A chilled Filly

Monday, 28 July 2014

Rockley Farm

Filly in now away on her holidays in Exmoor. She'll be away for at least 12 weeks which is a bit hard to bear. It's a 4 hour drive each way to visit her, but the area is very beautiful so we can make mini-breaks out of them.

Getting her to Rockley was challenging. I had decided that for this special journey I would give her some sedative to help her stay calm. But she hates having a syringe put in her mouth so administering it was going to be a problem. To get her used to syringes we tried filling them with apple sauce and apple sauce with mint and other tasty liquids. None of them worked. We finally found that she loved mashed banana and the problem was solved to the extent she was biting the syringe and didn't want to let it go.
So when the day came, last Monday, we mixed mashed banana with ACP and she ate it readily.
This did not have the expected result. She fought strongly against the sedation and became very agitated. I took her to the indoor school and she went nuts. Putting the travel boots on was not fun.
Trailer loading was actually pretty good and after a short time we were ready to go. Trailering was not good. We had picked a Monday lunchtime to depart to avoid traffic jams. We got stuck in 3 jams in the first hour. Two accidents and road works. During the road works a kind lady got out of her car two cars ahead of us to make she we new our trailer was rocking about. Sitting in a very rocky car we assured her we did know, but there was not a lot we could do about it. So long as we were moving Filly was actually ok, it was when we stopped we had trouble. We made the decision to not stop at all and arrived 4 hours 30 minutes later at Rockley farm with our legs firmly crossed. Not easy when you're driving !

She unloaded really calmly and slowly and was soon installed in a stable to let her settle for a whilst we had a visit to the loo and a cup of tea.
We then went back out to see her and Nic (the lady who owns the yard) took loads of photos of her feet in shoes. She then took close up slow motion video of how her feet contacted the ground as I walked Filly up and down the yard. This gives Nic a baseline to work from for Fillys' rehab work.
Then very very carefully Nic removed Fillys' shoes whilst I and Ritchie stood on horse fly swatting duty. I was very impressed with the calm attitude Nic had as Filly was pretty difficult and the shoes were effectively glued on by the residue of the gel pads we had tried on her.
With that done she had her tea, which included loads of mineral ingredients which Nic prescribes to re-hab horses and was put out on the first track area which is part of the rehab treatment. She had company of another re-hab horse and one of Nics own horses, both chosen for their calm manner. There was one minor altercation and then everything settled down really well.
With that done we left for the night to find the hotel we were going to stay in.

The following morning we arrived to find Filly still with her friends on the track area. She came over to say a brief hello and then went back to her friends and hid around the back of the barn in an area we could not see. We did not go into the area as we did not want to disturb the herd that was forming and so reluctantly left her and set off to go for a walk on Exmoor, followed by the long drive home.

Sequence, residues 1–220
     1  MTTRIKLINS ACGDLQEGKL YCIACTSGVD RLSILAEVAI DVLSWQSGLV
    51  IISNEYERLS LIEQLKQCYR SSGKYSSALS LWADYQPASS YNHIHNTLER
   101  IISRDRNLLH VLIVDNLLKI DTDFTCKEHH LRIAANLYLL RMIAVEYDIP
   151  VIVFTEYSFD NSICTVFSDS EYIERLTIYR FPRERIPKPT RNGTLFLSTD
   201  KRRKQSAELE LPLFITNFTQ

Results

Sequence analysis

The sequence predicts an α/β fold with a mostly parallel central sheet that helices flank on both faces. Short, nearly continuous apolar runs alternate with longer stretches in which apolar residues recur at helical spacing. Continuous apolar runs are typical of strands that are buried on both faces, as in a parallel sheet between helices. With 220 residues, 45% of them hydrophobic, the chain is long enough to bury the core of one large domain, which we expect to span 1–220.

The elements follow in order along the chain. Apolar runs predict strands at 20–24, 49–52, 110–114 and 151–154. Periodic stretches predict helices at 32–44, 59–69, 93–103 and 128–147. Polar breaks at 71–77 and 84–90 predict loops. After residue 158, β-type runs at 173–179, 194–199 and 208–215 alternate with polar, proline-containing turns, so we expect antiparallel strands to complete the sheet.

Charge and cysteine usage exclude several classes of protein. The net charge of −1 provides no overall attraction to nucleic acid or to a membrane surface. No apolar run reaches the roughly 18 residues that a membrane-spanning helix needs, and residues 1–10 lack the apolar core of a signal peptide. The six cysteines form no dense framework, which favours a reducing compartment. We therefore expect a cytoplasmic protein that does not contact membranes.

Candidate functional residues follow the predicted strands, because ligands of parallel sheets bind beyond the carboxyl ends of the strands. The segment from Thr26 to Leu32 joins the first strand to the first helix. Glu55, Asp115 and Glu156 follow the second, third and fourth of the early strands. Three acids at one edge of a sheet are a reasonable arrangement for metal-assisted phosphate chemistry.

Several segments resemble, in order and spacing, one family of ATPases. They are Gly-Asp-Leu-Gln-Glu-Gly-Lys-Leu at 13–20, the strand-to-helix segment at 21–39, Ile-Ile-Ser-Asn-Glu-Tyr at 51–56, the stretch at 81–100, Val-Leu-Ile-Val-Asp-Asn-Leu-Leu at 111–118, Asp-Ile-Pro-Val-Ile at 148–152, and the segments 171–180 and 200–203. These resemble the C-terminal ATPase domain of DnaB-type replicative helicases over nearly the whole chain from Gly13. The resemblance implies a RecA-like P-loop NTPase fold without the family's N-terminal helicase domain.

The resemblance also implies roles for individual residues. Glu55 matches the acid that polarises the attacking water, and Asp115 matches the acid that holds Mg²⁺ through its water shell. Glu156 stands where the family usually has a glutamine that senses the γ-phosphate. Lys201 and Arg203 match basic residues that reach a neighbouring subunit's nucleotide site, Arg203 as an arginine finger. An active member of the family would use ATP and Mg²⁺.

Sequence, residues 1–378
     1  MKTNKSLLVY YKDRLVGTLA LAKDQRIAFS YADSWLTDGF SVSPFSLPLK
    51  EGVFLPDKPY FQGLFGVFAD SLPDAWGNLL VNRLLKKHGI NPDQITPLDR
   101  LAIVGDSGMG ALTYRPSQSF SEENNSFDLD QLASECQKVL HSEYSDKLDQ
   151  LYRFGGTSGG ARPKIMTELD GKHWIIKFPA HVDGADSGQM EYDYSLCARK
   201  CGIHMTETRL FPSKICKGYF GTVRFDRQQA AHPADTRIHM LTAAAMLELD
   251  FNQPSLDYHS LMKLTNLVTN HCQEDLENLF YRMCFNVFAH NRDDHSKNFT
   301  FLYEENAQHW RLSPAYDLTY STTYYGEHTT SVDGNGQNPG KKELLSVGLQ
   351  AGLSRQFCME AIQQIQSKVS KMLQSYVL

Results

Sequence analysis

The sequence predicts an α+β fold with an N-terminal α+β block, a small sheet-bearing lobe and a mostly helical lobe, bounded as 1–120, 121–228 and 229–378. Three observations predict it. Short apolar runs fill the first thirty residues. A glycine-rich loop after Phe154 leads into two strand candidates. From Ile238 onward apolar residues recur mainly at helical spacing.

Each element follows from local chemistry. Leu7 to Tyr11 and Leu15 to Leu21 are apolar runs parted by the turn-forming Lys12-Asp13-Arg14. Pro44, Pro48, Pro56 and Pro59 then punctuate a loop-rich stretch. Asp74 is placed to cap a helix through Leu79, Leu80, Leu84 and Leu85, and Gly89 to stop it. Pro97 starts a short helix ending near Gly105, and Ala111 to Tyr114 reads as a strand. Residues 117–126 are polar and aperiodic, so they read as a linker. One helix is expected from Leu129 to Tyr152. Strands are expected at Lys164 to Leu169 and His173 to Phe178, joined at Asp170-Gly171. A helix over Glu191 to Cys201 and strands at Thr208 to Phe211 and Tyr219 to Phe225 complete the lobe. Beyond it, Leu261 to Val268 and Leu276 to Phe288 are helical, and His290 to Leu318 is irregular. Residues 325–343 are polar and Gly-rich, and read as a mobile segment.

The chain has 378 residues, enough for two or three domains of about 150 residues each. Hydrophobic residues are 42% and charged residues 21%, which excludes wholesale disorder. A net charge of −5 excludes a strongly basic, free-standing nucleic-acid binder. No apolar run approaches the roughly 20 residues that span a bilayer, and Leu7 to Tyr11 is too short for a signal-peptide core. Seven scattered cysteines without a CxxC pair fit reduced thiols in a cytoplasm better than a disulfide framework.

If you wish to follow Filly's progress as Rockley then take a look at the Rockley farm blog that Nic writes to keep us all up to date with progress. Here is the link Rockley Farm blog

Wednesday, 16 July 2014

Touch all over

On James Roberts plan the second item is "touch all over". And he means all over. There should be no "yeah but" spots.
It has taken me the better part of a year to get to the point I could literally touch Filly all over and am I glad I took the time now. The difficult spot that took most of the time was the flank up to her teats. I got badly kicked at one point when trying and nearly passed out with the pain. Folks at the yard were a little derisive that I spent so much time getting to the point I could handle her teats relatively easily. But it has now paid dividends.

Filly starting lactating yesterday. I was gently playing with her and was more than a little shocked when a stream of milk came out of her teats. A quick phone call to our vet, Ben, and he reckoned she could be having a little phantom pregnancy brought on by the changeable weather and the fact she is on box rest. But he stressed that to ensure she did not get mastitis it was important to clean her teats.
A year ago that would have been an extreme sport, but because of the touch all over from James it was relatively easy. To be honest she was not wild about me using a wet sponge (maybe I should have used warm water ) but she was fine with my hands. She had a lot of nasty gunk there so I was pleased to be able to get it clean and reduce the infection risk. The last thing I need when she is about to go away for 12 weeks for rehab.
So a question to ask is "can I touch my horse ALL over, even in those slightly embarrassing bits, or am I going to find I can't when a medical emergency arrives?"

Filly is a lot better

For the last 4 or 5 days Filly has been much much better. She can now walk on concrete with only a little lameness. Where she used to dip her nose almost to the ground when her left front foot touched the ground she is now much more even. I can only assume that the equithane pads we had tried in her shoes had put too much pressure on the sole and had bruised it. Once the pad was removed it took a while for the bruising to heal.
Despite the improvement I have taken the descision to leave her on box rest. There are two reasons for this
1) We cannot afford for her to run around the field and pull a shoe off. To go barefoot at Rockley farm they want her brought there with at least 4 weeks of good hoof growth
2) When she had the tildrum and hrydro cortisone injection the vet was keen that she had at least 2 weeks box rest to give the injections a chance to work